None of the money paid to a hospital over the last three years if the patient with ***** died would have been counted in GDP.  Further, to the extent that the government paid said funds all of that would be tallied officially as government WASTE exactly equivalent to lighting $100 bills on fire.  Treasury would be forced to account for this percentage among government spending just like everyone else.

Even better within government and the private sector we could now separate out and state as a statistic the percentage of funds that a particular entity (e.g. business or government organ) wastes .vs. that which produces something of value.  A school, for example, that failed to produce students that could meet math or reading standards would have its entire economic cost -- salaries, building depreciation, maintenance, power and similar -- counted as government waste -- and not accrete to GDP.

Money spent on a war has no tangible benefit to anyone, obviously.  That would count as economic waste as well -- unless, following said war, we seized the land and extracted the expense back into our nation in which case its neutral.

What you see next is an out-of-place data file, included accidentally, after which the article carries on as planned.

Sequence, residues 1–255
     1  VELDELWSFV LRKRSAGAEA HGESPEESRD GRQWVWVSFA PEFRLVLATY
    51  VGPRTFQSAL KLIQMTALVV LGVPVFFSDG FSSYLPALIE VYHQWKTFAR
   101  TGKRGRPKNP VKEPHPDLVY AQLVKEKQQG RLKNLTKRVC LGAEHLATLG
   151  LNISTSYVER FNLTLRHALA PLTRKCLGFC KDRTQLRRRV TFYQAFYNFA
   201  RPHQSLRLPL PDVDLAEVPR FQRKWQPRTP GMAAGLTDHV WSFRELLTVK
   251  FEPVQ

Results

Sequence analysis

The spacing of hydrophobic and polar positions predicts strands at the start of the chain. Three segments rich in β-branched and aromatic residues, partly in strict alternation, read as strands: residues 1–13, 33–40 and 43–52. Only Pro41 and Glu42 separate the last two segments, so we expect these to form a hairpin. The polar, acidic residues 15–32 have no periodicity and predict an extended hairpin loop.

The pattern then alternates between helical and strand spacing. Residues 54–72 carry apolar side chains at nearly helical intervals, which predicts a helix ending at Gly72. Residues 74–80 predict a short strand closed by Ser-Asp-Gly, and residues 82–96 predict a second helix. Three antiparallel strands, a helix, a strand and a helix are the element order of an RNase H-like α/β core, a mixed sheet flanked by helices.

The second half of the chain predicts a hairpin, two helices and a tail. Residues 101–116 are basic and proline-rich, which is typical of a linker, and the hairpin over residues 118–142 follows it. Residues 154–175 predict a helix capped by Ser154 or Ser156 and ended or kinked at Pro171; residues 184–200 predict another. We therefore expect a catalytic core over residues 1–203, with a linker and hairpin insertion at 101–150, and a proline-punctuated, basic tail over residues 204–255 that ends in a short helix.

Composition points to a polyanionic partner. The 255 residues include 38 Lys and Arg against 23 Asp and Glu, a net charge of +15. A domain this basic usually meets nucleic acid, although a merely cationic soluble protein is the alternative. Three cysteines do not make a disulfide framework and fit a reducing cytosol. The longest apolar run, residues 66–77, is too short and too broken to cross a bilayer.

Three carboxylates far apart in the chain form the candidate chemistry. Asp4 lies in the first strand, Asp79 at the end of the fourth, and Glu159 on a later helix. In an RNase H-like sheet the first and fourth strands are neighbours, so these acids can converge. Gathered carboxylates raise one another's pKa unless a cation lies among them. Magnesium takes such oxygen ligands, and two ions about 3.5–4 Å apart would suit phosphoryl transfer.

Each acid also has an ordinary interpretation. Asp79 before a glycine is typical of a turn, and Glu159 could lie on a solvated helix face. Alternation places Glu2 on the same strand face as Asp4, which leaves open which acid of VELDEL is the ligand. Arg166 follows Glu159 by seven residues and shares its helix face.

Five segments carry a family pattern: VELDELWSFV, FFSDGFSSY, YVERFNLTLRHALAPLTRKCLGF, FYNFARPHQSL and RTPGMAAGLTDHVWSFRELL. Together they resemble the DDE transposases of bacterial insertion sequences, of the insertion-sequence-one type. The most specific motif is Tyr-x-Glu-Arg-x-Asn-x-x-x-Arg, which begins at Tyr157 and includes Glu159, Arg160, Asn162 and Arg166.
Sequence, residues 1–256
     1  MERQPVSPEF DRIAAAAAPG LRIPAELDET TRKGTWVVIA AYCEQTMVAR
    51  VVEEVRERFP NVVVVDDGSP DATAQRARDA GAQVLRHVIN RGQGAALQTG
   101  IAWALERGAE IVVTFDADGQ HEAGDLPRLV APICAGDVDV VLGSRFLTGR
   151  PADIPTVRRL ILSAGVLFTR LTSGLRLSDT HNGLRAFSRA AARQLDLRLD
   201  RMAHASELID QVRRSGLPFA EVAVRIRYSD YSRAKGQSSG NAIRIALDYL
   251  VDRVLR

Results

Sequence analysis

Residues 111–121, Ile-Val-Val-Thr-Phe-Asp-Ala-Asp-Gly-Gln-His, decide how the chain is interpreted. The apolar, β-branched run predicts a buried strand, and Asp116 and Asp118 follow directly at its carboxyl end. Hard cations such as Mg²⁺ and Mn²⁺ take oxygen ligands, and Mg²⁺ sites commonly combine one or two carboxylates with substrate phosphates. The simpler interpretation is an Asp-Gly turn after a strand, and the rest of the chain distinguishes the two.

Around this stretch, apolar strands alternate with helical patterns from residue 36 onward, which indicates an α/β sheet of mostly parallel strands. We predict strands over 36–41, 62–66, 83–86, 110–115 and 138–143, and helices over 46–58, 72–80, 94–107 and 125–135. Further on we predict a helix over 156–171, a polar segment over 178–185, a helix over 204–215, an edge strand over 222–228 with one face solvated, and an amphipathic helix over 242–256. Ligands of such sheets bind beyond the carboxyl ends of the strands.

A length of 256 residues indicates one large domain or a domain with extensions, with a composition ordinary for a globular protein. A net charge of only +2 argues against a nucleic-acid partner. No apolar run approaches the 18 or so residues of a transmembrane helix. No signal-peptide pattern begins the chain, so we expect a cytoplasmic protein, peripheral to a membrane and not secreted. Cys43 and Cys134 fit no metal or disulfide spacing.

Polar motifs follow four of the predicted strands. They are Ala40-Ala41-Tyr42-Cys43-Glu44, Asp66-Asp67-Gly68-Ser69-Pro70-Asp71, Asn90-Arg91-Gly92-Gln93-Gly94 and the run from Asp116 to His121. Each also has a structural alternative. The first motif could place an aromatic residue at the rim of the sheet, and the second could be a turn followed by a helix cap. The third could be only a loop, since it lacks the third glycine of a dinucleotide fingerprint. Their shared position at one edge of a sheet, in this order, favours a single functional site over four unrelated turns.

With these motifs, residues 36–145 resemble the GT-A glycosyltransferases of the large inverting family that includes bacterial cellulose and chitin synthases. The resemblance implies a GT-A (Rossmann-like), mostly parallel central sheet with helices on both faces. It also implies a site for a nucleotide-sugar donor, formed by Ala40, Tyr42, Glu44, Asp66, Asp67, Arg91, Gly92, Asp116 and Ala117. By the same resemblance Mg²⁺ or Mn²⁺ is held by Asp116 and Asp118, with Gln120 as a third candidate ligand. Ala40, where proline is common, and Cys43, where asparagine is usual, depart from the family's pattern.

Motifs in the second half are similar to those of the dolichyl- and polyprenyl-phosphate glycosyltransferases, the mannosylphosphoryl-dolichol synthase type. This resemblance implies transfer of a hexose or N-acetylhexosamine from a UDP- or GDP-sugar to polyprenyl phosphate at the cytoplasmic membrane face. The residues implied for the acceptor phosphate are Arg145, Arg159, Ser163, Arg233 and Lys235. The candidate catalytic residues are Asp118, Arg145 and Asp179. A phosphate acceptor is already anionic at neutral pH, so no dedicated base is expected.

Are some parasitic expenses necessary?  Of course.  You do proactive things to evade a potential larger cost even though you get no tangible benefit from the act itself.  Avoidance is not benefit.  That's common and there's nothing wrong with it but you have to account for it properly.

How different would our view of the economy and forward outlook for America be if the data was presented this way, and in order to "count" toward GDP real benefit had to be quantified and realized by the parties in the transaction?  Ephemeral (e.g. "feelings") outcomes do not count as they can't be quantified, so the two "transactions" at the top are analyzed entirely on the monetary exchange which nets to zero.  Those two transactions therefore count as zero net-net.

This also eviscerates the "intellectual property" component of the GDP series, of course, in that until said is monetized and someone gets actual value out of the transaction it doesn't count.

How different would our economic worldview be of the United States with this discount applied as we've offshored production of physical things -- replacing them with alleged "GDP" that is in fact ephemeral and does not supply actual tangible value to anyone?  How would this change our way of evaluating businesses, not just elements of the government?

Something to contemplate....

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2023-03-23 07:00 by Karl Denninger